Treatment of female and male rats with doses ≥ 25 mg/kg/day of loteprednol etabonate (152 times the RHOD based on body surface area, assuming 100% absorption) prior to and during mating caused preimplantation loss and decreased the number of live fetuses/live births. The NOAEL for fertility in rats was 5 mg/kg/day (30 times the RHOD).
Use In Specific Populations
There are no adequate and well-controlled studies with loteprednol etabonate in pregnant women.
Loteprednol etabonate produced teratogenicity at clinically relevant doses in the rabbit and rat when administered orally during pregnancy. Loteprednol etabonate produced malformations when administered orally to pregnant rabbits at doses ≥1.2 times the recommended human ophthalmic dose (RHOD) and to pregnant rats at doses ≥ 30 times the RHOD. In pregnant rats receiving oral doses of loteprednol etabonate during the period equivalent to the last trimester of pregnancy through lactation in humans, survival of offspring was reduced at doses ≥3 times the RHOD. Maternal toxicity was observed in rats at doses ≥ 304 times the RHOD, and a maternal no observed adverse effect level (NOAEL) was established at 30 times the RHOD.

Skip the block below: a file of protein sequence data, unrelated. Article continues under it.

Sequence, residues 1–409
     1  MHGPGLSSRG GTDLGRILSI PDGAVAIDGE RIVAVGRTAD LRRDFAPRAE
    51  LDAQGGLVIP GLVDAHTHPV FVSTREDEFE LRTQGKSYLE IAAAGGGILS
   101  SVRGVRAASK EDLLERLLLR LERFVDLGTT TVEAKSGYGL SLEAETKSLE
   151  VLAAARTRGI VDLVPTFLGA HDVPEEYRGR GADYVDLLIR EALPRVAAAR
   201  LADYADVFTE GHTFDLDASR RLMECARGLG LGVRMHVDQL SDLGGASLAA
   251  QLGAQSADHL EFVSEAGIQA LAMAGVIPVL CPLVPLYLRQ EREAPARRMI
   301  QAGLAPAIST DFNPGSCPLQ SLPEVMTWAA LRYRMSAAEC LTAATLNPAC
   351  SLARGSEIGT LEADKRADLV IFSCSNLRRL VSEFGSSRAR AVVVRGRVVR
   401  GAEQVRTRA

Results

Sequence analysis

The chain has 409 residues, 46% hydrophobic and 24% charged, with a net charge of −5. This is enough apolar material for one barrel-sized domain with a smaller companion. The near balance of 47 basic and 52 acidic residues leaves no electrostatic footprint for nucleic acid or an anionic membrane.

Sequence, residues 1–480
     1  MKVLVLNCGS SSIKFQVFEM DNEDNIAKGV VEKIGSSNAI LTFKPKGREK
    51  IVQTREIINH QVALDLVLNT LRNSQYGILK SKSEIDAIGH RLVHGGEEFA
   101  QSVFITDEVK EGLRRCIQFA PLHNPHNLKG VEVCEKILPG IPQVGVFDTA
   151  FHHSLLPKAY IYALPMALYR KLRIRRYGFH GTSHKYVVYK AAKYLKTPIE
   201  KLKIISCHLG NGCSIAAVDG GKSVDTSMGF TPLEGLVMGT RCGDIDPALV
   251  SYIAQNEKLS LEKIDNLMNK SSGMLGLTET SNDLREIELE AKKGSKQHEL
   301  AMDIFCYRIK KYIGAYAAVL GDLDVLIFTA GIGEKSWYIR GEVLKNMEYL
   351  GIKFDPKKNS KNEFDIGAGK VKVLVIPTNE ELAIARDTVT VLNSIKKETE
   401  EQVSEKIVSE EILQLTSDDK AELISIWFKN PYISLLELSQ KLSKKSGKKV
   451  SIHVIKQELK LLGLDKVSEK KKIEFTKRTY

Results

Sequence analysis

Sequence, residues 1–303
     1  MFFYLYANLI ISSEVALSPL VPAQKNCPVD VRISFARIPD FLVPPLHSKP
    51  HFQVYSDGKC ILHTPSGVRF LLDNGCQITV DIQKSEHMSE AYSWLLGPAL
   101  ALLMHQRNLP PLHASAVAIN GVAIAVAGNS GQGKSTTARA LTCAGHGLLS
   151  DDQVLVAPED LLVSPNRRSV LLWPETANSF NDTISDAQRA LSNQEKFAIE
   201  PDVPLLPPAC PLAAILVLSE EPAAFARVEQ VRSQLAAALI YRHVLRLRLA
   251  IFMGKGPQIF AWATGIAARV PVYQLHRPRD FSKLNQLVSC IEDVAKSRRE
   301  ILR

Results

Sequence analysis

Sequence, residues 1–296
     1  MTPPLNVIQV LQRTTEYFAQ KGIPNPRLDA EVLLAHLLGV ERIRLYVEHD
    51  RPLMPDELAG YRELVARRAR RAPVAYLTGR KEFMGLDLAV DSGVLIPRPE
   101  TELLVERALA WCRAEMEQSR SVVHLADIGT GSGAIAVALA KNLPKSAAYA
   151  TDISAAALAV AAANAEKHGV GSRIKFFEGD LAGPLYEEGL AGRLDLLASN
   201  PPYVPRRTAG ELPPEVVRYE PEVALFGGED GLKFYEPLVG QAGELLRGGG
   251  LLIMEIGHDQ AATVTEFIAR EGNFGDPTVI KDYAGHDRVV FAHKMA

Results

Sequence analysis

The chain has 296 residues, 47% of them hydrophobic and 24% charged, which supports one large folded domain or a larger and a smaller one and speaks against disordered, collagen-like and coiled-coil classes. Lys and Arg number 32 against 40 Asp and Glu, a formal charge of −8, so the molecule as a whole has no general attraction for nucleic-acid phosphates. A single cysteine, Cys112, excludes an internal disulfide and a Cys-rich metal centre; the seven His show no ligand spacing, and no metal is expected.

The background risk of major birth defects and miscarriage for the indicated population is unknown. However, the background risk in the U.S. general population of major birth defects is 2 to 4%, and of miscarriage is 15 to 20%, of clinically recognized pregnancies.
Embryofetal studies were conducted in pregnant rabbits administered loteprednol etabonate by oral gavage on gestation days 6 to 18, to target the period of organogenesis. Loteprednol etabonate produced fetal malformations at doses ≥ 0.1 mg/kg (1.2 times the recommended human ophthalmic dose (RHOD) based on body surface area, assuming 100% absorption). Spina bifida (including meningocele) was observed at doses ≥ 0.1 mg/kg, and exencephaly and craniofacial malformations were observed at doses ≥ 0.4 mg/kg (4.9 times the RHOD). At 3 mg/kg (36 times the RHOD), loteprednol etabonate was associated with increased incidences of abnormal left common carotid artery, limb flexures, umbilical hernia, scoliosis, and delayed ossification. Abortion and embryofetal lethality (resorption) occurred at doses ≥ 6 mg/kg (73 times the RHOD). A NOAEL for developmental toxicity was not established in this study. The NOAEL for maternal toxicity in rabbits was 3 mg/kg/day.